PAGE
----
As brothers and sisters in the body of Christ, is it not time to end our quarreling and disagreements?  Would it not be healthier for all if we separated from one another?  Each group can go its own way, following the mission and vision as they feel led to do, so that no one’s conscience is violated.  There would be no more coercion, but each person and congregation could freely choose the destination they want to travel toward.

Under that scenario, all current United Methodists would not end up at the same destination.  We would no longer be traveling together.  But at least we would have a chance to reach some destination, being freed from our immobilizing “stuckness.”  Both groups would have the opportunity to build ministry based on their beliefs, and they would have a chance to thrive, rather than continuing to engage in our current debilitating conflict.

Traveling through the wilderness doesn’t have to last forever.

8 thoughts on “Traveling through the Wilderness

  1. In a conversation recently I heard a leader from Group Sexual Liberation express the desire to have a “trial” separation and the, if it doesn’t work, that he and his group can be welcomed back into the fold. What an odd wish! If the more traditionalist group might actually be right, then why would he choose to leave? It made me think of the Amish teen practice of rumspringa where they are free to “experiment” with the world and return to the community if they prefer it. What will we do with these Prodigals after they realize the fruitlessness of compromised faith? As long as they are free to practice unfaithfulness and still inhabit sacred space and authority, we will only see their confusion leading to discontent and poison to the Living Vine. How should we separate?

  2. The part that Tom did not mention is that the (adult) generation that left Egypt all died in the wilderness (except two). This adult generation of United Methodists seem doomed by unfaithfulness to die in the wilderness. Tom keeps asking the questions, but he also seems to be standing by the side of the road. Is this not the time for Tom and his cohort to take leadership in answering the questions?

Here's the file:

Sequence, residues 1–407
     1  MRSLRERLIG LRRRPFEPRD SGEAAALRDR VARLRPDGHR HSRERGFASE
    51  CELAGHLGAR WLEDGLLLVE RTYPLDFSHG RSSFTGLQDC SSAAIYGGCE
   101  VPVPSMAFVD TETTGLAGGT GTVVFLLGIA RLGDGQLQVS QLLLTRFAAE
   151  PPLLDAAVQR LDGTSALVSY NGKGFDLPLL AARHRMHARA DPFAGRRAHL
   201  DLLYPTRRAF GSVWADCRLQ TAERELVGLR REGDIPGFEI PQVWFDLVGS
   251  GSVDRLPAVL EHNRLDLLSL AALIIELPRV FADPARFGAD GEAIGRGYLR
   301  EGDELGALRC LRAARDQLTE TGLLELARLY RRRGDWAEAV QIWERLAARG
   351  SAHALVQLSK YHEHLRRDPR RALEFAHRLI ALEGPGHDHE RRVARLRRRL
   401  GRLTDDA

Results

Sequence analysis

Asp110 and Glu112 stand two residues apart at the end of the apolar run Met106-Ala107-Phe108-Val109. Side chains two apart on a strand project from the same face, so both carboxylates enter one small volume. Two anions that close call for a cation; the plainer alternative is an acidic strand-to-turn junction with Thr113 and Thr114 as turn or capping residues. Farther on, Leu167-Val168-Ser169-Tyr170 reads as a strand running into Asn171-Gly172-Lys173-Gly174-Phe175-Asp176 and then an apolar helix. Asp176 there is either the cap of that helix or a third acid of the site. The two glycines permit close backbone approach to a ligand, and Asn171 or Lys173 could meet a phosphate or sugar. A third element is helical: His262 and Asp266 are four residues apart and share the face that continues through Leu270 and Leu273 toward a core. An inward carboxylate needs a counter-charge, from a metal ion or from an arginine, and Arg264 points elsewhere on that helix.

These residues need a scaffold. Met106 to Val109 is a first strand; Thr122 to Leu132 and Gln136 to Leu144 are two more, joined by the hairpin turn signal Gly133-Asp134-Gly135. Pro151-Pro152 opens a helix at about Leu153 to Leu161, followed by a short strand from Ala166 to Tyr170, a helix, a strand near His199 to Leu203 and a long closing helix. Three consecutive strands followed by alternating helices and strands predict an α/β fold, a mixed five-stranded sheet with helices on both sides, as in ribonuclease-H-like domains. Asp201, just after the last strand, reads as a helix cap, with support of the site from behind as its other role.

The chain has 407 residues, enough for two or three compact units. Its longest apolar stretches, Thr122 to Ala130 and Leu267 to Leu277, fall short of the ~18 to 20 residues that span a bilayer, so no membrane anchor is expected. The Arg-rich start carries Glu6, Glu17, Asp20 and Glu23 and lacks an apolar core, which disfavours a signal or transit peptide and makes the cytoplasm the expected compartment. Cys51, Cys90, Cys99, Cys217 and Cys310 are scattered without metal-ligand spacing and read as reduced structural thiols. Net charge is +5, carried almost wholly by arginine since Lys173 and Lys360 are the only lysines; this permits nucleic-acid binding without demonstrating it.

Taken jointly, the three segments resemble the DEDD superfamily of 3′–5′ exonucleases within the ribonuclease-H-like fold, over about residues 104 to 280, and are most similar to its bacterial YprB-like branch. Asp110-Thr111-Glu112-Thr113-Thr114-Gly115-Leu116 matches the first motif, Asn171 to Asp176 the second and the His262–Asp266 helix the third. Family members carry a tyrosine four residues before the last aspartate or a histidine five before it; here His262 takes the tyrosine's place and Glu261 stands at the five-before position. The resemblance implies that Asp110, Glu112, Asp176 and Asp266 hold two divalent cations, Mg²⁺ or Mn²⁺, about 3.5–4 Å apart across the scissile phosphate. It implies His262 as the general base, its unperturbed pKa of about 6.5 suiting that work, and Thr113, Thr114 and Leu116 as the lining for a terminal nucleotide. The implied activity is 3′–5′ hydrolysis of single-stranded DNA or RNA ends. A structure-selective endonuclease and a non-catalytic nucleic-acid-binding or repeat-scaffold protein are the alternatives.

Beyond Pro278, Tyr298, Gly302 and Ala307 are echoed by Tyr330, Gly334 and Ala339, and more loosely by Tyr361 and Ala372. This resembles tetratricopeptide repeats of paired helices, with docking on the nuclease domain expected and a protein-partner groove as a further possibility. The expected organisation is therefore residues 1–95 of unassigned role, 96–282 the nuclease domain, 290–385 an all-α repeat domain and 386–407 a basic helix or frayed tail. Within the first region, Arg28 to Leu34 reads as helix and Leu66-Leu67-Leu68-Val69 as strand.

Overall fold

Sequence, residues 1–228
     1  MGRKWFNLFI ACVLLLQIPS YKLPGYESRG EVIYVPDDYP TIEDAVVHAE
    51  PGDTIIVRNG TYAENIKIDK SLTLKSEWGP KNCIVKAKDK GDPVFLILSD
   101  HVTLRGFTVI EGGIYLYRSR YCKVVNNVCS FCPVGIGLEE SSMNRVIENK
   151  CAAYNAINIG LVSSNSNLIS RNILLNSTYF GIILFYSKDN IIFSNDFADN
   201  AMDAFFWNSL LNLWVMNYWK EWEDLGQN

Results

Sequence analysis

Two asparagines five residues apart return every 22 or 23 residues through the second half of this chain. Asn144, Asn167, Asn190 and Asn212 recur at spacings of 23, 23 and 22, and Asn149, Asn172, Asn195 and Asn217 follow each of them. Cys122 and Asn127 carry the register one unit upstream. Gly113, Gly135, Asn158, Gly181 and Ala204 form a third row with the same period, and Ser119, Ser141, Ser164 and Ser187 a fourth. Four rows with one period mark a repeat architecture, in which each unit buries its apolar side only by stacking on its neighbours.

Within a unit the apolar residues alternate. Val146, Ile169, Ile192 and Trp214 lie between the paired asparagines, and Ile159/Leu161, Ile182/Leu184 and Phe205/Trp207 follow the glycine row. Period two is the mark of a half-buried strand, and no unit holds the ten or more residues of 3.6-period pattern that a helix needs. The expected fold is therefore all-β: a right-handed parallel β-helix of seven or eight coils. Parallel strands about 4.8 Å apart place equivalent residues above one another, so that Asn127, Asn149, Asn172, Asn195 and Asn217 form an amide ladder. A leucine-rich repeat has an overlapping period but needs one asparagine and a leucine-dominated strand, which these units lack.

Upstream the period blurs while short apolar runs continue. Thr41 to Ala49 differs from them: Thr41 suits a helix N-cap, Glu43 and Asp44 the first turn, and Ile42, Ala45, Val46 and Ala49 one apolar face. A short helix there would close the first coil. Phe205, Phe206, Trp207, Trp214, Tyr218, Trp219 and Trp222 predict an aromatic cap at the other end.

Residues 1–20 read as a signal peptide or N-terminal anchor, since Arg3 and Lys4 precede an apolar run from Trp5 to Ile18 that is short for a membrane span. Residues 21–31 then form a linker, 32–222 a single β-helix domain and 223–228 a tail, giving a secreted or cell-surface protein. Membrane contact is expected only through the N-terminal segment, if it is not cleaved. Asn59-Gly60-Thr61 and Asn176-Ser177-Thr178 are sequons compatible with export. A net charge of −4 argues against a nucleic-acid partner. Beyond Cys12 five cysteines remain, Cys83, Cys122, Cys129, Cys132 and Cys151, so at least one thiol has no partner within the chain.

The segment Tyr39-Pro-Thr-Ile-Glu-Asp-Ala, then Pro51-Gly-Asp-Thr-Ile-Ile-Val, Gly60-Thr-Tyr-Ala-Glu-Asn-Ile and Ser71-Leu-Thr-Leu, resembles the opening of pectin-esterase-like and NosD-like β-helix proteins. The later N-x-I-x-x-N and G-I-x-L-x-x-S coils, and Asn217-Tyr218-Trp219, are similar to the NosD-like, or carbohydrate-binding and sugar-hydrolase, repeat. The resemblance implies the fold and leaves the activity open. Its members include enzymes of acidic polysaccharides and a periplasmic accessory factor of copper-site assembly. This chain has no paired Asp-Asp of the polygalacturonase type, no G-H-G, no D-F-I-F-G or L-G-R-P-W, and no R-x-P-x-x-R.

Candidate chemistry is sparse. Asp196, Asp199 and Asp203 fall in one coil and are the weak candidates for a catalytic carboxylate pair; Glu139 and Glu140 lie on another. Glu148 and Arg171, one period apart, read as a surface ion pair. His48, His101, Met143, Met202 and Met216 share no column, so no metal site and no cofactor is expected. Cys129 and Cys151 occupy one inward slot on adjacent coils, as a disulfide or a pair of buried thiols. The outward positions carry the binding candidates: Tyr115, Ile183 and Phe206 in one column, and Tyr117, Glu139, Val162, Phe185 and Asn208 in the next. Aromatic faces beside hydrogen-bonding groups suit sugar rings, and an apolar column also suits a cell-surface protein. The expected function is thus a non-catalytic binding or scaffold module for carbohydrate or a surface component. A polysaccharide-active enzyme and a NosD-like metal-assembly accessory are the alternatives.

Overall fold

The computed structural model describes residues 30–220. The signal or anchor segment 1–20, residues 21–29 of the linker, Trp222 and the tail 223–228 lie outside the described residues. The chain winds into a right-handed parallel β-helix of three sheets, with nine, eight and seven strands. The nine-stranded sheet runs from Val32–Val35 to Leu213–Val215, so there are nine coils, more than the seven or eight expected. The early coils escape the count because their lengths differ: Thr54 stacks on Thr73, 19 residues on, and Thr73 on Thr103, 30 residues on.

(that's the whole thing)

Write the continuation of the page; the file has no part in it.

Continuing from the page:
3. “What makes the situation even more difficult is that Group A believes they have heard a word from the Lord about the new truths and interpretations that God is revealing to them.”

    People should be very careful what they attribute to God. Attributing sin to God is a dangerous thing. God will never reveal anything by which He contradicts or makes the liar out of Himself, and God does not change His mind about what is or isn’t sin.

    It is unlikely that we will separate, at least not any kind of a “clean” separation. Too many people are too interested in keeping their positions, appointments, salaries and pensions; too many people are too interested in unity at any cost with no real definition to the unity, as in Christian unity. We are fragmenting and the fragmentation will increase until we shatter into pieces. Prayer can change this, but people have to be willing to change.

  4. It’s well past time to come out from among them and go our separate way. There is no possible reconciliation. There is no group A and B. There is only the Lord God and His righteousness. Let the redeemed of the Lord say so and follow Him. Looking only to Jesus, we won’t turn back. No looking back … we won’t turn back!

  5. Tom asks, “in the absence of any agreed upon method of resolving the conflict, isn’t it time to simply acknowledge that we can no longer travel together?”

    YES, YES, and YES. So, General Confetence 2016 is the time for the beginning of an amicable separation that would be completed at General Conference 2020.

  6. Would the Ritter two jurisdiction plan be compatible with the direction you are describing? Or do you think it needs to be complete schism? I think that it will be difficult to get a majority of GC to vote for schism.

    1. We at Good News have been open to considering the two-jurisdiction plan (or the six-jurisdiction plan, which is a variant). So far, the progressive leadership has been unwilling to consider this approach.